2. Present at the unraveling? Dean Acheson, who was Secretary of State after World War II, helped create the global order that has brought us the longest period of peace and prosperity ever enjoyed by human beings. He entitled his memoir: Present at the Creation. Writing today, one might choose the title: Present at the Unraveling. In my view, there is a substantial chance that we are living through the unraveling of the nonproliferation regime that has held back the spread of nuclear weapons, nuclear wars, and nuclear terrorism, for four decades. I agree with the conclusion of the UN High Level Panel on Threats, Challenges, and Change, which warned that the erosion of the nonproliferation regime is reaching a point at which it could "become irreversible, and result in a cascade of proliferation."
As Henry Kissinger has noted, a defining challenge for statesmen is to recognize "a change in the international environment so likely to undermine national security that it must be resisted no matter what form the threat takes or how ostensibly legitimate it appears." An unraveling of the nonproliferation regime would constitute just such a transformation undermining the security of all civilized nations. The question is whether statesmen will act in time to prevent this catastrophe.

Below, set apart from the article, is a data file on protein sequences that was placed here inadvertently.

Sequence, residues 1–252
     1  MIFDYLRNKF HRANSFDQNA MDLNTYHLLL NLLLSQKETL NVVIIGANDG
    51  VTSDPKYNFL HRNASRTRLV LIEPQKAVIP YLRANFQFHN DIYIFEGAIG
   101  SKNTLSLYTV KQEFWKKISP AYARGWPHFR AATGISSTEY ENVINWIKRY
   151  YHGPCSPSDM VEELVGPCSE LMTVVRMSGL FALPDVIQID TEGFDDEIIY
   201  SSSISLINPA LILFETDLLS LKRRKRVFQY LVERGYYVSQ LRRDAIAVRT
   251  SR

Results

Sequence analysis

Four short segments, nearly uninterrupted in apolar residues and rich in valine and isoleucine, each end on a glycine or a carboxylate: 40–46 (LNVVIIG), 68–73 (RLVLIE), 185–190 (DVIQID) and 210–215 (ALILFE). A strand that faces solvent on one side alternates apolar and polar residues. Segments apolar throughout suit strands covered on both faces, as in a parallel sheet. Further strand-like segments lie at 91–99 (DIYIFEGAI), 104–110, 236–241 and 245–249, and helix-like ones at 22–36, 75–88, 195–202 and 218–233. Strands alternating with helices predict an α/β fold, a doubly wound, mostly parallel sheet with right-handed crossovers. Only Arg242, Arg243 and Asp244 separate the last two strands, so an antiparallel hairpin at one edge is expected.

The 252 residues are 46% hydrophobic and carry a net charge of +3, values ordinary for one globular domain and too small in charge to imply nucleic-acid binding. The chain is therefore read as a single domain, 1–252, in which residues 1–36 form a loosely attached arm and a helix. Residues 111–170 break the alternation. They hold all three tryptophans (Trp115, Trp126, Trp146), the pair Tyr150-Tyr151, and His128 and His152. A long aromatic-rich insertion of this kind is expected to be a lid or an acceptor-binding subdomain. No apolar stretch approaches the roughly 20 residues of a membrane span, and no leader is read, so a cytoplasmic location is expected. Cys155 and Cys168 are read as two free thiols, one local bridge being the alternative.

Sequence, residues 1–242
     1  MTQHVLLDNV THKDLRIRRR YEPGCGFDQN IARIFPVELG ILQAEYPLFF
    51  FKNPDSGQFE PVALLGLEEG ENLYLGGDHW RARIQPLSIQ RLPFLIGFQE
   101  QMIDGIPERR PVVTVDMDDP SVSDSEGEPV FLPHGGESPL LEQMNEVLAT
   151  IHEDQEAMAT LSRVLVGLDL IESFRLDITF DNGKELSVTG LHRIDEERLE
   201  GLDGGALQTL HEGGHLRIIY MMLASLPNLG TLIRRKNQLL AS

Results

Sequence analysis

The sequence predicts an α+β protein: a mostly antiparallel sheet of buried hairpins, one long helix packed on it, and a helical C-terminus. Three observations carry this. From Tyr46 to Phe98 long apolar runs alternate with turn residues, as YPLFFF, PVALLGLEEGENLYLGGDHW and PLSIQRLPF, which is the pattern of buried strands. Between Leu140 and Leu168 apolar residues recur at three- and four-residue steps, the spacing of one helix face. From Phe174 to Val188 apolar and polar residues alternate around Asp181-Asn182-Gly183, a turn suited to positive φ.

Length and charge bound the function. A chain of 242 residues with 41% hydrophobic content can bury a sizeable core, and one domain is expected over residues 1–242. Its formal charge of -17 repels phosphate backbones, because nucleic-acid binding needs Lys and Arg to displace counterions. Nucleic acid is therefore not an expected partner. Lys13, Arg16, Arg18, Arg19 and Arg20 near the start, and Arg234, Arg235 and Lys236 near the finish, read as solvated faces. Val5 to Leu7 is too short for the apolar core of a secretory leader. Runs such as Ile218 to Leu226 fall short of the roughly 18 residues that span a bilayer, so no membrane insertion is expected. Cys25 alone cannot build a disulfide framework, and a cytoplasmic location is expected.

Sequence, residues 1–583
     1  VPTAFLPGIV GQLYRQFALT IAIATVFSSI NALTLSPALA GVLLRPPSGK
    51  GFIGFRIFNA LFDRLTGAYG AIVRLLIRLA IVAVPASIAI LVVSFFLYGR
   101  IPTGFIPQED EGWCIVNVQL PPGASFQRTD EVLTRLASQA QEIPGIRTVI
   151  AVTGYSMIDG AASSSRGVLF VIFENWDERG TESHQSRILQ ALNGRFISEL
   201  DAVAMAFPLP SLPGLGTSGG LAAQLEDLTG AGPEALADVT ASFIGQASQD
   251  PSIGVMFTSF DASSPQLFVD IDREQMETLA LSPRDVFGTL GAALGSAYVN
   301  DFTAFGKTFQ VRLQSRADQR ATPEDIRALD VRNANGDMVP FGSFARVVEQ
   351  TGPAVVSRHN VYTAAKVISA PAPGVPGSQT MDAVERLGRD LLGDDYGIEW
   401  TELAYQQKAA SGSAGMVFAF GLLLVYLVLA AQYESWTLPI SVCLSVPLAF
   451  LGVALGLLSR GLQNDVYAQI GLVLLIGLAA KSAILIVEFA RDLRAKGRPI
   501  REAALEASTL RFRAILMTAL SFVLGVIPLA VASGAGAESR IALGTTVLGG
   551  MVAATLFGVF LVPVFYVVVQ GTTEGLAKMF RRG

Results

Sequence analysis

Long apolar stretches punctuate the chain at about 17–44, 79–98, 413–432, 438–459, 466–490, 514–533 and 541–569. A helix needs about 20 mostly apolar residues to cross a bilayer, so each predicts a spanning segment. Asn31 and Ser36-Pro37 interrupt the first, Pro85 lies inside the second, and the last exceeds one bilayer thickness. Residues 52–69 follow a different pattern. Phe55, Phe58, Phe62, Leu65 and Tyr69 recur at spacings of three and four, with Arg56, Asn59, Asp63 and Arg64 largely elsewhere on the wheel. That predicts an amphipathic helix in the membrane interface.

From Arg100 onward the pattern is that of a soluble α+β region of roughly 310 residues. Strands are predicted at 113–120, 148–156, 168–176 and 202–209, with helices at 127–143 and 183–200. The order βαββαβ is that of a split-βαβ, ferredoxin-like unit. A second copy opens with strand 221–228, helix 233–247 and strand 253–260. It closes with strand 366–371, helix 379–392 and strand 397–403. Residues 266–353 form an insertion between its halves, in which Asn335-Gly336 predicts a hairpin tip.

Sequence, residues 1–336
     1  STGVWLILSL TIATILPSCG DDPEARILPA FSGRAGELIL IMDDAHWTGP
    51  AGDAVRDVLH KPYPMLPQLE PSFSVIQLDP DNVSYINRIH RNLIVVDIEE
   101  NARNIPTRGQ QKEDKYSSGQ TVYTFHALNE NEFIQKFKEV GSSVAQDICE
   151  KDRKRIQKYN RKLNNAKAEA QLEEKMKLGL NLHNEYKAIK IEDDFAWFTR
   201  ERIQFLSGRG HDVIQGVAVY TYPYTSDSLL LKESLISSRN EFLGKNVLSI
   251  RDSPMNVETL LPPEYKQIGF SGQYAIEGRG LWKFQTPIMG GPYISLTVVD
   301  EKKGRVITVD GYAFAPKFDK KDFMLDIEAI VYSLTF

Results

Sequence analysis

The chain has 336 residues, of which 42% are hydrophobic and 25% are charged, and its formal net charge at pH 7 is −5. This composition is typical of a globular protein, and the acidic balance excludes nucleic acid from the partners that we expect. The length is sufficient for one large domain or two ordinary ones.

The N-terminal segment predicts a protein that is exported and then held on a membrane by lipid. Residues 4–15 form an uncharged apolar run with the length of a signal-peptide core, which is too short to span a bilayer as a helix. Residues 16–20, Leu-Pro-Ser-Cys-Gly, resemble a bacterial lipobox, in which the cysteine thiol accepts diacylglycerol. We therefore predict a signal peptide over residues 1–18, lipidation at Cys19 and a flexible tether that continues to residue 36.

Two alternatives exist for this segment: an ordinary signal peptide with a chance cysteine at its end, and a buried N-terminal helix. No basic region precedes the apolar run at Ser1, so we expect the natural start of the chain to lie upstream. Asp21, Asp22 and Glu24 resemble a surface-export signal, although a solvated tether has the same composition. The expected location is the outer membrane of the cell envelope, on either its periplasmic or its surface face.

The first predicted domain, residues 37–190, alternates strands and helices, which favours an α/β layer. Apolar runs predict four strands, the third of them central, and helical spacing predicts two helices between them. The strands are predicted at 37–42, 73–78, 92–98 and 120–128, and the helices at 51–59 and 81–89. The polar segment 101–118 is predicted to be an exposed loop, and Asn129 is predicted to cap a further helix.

3. Risks in the Nuclear Renaissance. The nuclear renaissance that most observers expect to significantly expand the number of nuclear energy plants over the next several decades increases the risk that the nonproliferation regime will unravel. The increased risk comes not from new nuclear energy plants in themselves. Rather, it comes from the prevailing interpretation of the Nonproliferation Treaty that allows states that acquire nuclear energy reactors to also acquire a full fuel cycle. If the expansion of nuclear energy reactors leads to a proliferation of uranium enrichment facilities and reprocessing facilities for separating the spent fuel, this will certainly provide a cover for new nuclear weapons states, significantly increasing risks that nuclear weapons end up in hands of terrorists.
4. Strengthened IAEA. The world needs a strengthened IAEA in a reinforced nonproliferation regime. Unless the current standards and practices for nonproliferation, security, and safety are significantly strengthened, current trend-lines will abort the nuclear renaissance and assist catastrophic attacks upon the United States In IAEA language, the three S's - safeguards (accounting to deter and discover state diversion of peaceful nuclear energy applications to nuclear weapons programs), security (theft of nuclear material by crooks inside or outside a system who could sell this material to terrorists or states for making bombs), and safety (prevention of accidents like Chernobyl) — need to be significantly strengthened.
Graham Allison, director, Belfer Center for Science and International Affairs.
The new global nuclear order required to respond to these challenges will evolve over time. It must, however, be defined by increased international cooperation and partnership; expanded transparency; more effective standards for safety and security worldwide; new nonproliferation measures, and firmly placing nuclear weapons in the background of international affairs.